The attainment gap has long been a persistent challenge, but over the past decade, promising progress has been made. These small, but important, gains have been the result of a concerted effort by school leaders and teachers, supported by positive developments such as Pupil Premium funding and an increase in the availability and use of robust evidence.
We know the incredible support schools have provided to pupils during the COVID-19 closures, however even with this support the hard-won gains in narrowing the attainment gap are unfortunately likely to be reversed. When schools reopen this week, leaders and teachers will face an array of new challenges; most known, but many not. Many teachers will have spent much of their summer planning and setting up new structures, ready to meet the physical, academic, social and emotional needs of their pupils – most of whom will not have stepped inside a classroom for several months.
The scales of tutoring access have been weighted against the pupils who stand to benefit most from its impact.
We know that high-quality classroom teaching is the most important factor for supporting the learning and development of pupils, but we cannot leave the burden of recovery to teachers alone. Many supportive interventions can have a positive impact, but the evidence for high quality tutoring is among the strongest, with consistent robust findings of additional progress for pupils, including the most disadvantaged. However, the scales of tutoring access have been weighted against the pupils who stand to benefit most from its impact, with tutoring disproportionately provided to pupils whose parents can most afford to pay for it. While for schools who do fund tutoring for their pupils, it can be difficult to identify high-quality providers.
National Tutoring Programme (NTP) Tuition Partners, a £76million pillar of the NTP, will provide highly subsidised tutoring to our pupils who need it the most. It will, through the NTP Tuition Partners Quality Criteria, ensure that the tutoring offered is high-quality and consistent with the evidence about best-practice tutoring. The evidence tells us that to result in a positive impact tutoring should align with the curriculum of the school, target the areas that a pupil is struggling with the most, and be delivered by trained and well qualified tutors.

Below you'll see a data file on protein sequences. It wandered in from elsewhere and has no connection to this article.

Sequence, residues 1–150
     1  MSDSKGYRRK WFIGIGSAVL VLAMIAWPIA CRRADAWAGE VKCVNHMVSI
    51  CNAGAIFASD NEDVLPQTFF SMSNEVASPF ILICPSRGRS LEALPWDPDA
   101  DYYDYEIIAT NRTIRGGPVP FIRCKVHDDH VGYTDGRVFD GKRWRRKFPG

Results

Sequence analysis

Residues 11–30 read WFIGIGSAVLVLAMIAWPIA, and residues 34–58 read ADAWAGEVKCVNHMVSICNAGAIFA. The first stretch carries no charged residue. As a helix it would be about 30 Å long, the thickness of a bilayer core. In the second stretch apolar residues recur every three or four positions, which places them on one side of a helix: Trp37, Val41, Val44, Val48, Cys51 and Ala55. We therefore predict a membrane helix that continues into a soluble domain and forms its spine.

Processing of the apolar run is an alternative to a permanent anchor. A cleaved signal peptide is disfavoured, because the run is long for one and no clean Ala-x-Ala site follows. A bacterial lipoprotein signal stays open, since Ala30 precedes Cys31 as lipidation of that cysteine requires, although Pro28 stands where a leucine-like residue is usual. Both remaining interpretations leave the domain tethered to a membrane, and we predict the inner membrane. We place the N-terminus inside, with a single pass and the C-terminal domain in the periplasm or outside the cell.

A brief guide is now available to support schools to plan for the NTP.
Another key feature of high-quality tutoring is having systems in place to foster a positive three-way relationship between pupils, tutors, and schools. Before starting tutoring, schools should consider planning: how they will use data and their professional expertise to select the pupils who are likely to benefit the most from tutoring; how they will communicate about tutoring to ensure pupils are motivated to engage in the sessions; and, how to provide input on the focus of tutoring sessions. A brief guide is now available to support schools to plan for the NTP. The guide summarises the best available evidence for how to use the NTP Tuition Partners resource and make the most of this new offer.
The NTP Tuition Partners funding round opened on the 28 August and will close on the 18 September. So far, we have seen a positive response from the tutoring and wider education sector. The NTP Tuition Partners team is now gearing up to assess the application we receive, and we are excited to have this opportunity to ensure that only the best providers are approved to partner with schools in support of their recovery efforts. Approved Tuition Partners are due to be announced from the end of October and tutoring will be offered to schools from November.
There is no getting around the difficulties and uncertainties of the coming year. Yet we know that schools are places of optimism and we know that NTP Tuition Partners is poised to play a role in supporting our pupils – harnessing the expertise and energy from across the education sector to prevent our most disadvantaged pupils from missing out.